New South Wales Greens MP Jeremy Buckingham is in the Downing Centre Local Court in Sydney today charged with trespassing on property owned by Rio Tinto at a mine site near Bulga, in the Upper Hunter Valley.
Mr Buckingham this morning plead guilty to trespassing on inclosed lands at the resource giant’s Mount Thorley-Warkworth coal mine in mid-2015. However lawyers for Buckingham are pushing for no conviction to be recorded, arguing the motivations which led him to trespass were “altruistic”.
Barrister Kira Levin, from the Environmental Defenders Office, argued in court that the MP deserves leniency because he entered the mine site in order to “inform the public and draw attention to an issue that he believes is of significant public interest”.
The Greens MLC had posted a video to Facebook, in which he seeks to draw comparisons between the Rio Tinto mine and open-cut coal mines that may be developed on the Liverpool Plains, a fertile farming area in north-west New South Wales.
At the time the video was shot, the Greens Mining spokesperson was en-route to an AgQuip event in that same area, at Gunnedah, the court heard. This morning, Ms Levin suggested that producing materials such as the video which has landed Mr Buckingham in court occurred in the context of a long history of environmental campaigning on the part of Mr Buckingham.
She told the court Mr Buckingham has been “a leader in the campaign” calling for the phase-out of coal, an end to plans to develop a coal seam gas industry in the state, and for an upscaling of renewable energy.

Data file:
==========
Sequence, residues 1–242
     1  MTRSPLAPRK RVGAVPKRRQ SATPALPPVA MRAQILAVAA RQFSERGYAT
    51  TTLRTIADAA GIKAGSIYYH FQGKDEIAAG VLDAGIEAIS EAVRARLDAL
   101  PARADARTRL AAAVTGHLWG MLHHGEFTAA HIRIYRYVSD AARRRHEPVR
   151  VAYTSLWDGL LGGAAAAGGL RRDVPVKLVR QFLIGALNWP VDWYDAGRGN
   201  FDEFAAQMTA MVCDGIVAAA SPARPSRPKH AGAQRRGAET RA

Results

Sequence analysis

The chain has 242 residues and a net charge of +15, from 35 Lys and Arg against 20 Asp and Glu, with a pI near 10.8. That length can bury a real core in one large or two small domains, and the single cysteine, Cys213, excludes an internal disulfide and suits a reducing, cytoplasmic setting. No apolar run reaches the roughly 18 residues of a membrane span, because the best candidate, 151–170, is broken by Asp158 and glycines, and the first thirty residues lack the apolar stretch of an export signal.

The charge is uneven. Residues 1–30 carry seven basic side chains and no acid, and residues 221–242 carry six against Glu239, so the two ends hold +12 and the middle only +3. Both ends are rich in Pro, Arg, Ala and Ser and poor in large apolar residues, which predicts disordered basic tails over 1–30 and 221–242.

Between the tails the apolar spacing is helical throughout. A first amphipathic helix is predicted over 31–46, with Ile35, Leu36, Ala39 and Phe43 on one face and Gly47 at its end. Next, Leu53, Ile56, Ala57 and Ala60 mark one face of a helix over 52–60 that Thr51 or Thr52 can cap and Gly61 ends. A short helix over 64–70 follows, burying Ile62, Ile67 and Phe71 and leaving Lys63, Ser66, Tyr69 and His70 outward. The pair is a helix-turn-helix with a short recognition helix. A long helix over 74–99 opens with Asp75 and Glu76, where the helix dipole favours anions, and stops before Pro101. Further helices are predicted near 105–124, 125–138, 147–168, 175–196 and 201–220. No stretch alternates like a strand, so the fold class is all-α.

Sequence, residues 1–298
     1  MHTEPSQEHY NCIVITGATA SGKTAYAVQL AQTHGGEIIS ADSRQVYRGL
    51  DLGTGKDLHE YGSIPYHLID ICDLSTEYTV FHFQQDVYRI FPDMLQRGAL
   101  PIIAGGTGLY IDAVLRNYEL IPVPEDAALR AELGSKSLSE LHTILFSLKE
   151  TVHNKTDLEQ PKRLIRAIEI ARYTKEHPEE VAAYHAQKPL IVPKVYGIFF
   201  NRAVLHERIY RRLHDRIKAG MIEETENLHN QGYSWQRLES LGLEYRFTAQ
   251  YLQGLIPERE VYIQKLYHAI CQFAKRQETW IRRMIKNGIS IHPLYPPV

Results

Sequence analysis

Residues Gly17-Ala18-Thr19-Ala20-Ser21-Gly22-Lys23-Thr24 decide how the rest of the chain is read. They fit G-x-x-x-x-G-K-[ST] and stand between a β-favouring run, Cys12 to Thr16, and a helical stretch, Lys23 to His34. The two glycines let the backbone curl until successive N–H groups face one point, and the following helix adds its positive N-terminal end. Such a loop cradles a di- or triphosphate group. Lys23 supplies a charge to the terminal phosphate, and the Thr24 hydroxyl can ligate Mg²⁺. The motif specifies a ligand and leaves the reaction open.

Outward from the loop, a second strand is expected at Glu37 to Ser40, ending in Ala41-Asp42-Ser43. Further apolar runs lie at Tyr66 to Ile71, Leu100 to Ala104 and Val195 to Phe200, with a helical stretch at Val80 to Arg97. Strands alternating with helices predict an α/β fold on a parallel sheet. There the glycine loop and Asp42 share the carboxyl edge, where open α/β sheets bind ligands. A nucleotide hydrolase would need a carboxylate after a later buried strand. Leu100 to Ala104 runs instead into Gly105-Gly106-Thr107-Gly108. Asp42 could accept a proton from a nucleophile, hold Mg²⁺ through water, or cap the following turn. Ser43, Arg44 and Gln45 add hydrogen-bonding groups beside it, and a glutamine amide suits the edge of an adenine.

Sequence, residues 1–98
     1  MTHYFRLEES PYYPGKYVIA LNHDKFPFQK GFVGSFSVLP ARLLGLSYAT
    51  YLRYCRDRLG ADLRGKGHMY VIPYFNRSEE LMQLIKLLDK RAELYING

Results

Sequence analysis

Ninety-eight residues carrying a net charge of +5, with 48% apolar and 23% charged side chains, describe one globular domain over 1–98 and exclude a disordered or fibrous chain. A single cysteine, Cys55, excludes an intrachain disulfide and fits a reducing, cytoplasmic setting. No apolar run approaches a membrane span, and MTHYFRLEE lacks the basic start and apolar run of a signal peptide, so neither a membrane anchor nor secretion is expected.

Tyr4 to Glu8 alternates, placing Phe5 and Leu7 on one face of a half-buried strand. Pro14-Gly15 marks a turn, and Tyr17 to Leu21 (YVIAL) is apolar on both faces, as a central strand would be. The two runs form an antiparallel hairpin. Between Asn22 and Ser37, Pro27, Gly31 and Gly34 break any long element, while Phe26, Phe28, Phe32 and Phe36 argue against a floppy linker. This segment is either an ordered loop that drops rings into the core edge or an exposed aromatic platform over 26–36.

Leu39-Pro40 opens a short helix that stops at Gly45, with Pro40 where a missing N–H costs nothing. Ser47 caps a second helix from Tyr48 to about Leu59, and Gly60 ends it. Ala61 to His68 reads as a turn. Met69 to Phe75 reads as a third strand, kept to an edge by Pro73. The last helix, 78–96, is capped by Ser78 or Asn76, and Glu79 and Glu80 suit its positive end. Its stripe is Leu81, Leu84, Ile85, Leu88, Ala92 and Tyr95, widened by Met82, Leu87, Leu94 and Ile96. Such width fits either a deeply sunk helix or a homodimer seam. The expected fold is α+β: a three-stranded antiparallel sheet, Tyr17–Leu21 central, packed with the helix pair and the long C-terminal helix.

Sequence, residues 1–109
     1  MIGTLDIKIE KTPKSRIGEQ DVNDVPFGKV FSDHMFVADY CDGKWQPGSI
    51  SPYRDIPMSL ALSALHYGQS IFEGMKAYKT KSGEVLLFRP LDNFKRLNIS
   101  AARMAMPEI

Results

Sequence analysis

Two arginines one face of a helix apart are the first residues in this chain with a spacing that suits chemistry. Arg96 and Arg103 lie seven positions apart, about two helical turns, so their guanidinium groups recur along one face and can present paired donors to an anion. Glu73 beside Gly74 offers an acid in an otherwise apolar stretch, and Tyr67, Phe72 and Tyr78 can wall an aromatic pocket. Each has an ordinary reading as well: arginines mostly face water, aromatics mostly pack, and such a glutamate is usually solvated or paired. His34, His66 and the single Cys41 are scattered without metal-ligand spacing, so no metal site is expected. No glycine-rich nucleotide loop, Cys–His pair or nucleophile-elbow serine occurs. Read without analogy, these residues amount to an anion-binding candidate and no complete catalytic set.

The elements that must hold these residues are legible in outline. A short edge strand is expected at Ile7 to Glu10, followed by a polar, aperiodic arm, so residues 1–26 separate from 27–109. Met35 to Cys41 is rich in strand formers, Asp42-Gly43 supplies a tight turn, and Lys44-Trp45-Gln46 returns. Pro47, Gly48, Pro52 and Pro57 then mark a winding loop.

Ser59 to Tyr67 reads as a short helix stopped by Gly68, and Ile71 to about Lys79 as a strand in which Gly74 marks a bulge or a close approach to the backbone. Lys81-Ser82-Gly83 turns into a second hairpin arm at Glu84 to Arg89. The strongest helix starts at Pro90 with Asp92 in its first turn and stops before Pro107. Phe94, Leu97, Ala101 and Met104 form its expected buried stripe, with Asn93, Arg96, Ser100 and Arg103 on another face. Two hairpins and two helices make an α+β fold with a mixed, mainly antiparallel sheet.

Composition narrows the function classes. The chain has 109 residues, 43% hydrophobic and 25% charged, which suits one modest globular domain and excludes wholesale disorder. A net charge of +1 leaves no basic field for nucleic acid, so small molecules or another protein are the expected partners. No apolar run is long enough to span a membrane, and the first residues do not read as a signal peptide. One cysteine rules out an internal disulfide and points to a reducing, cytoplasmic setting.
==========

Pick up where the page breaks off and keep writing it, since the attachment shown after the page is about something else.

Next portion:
“… He was only trying to draw attention to an issue he feels passionate about,” Ms Levin said, suggesting Mr Buckingham had sought to “educate” the public “about the threat that coal mining poses to the Liverpool Plains, like many videos Mr Buckingham makes and puts on his website”.
During Mr Buckingham’s brief appearance this morning, the magistrate questioned whether “the community [is]entitled to rely on the high standards of a parliamentarian”. Another former Greens Parliamentarian, the party’s one-time Federal leader Bob Brown, has provided a statement attesting to Mr Buckingham’s good character.
Ms Levin submitted that Mr Buckingham was unlikely to reoffend. At one point, she suggested the MP would “perhaps rely on technology” in future, rather than put himself in breach of the law in order to capture similar footage.
Mr Buckingham is facing up to five penalty units if a conviction of trespass is recorded. The matter is due back in court after 2pm.
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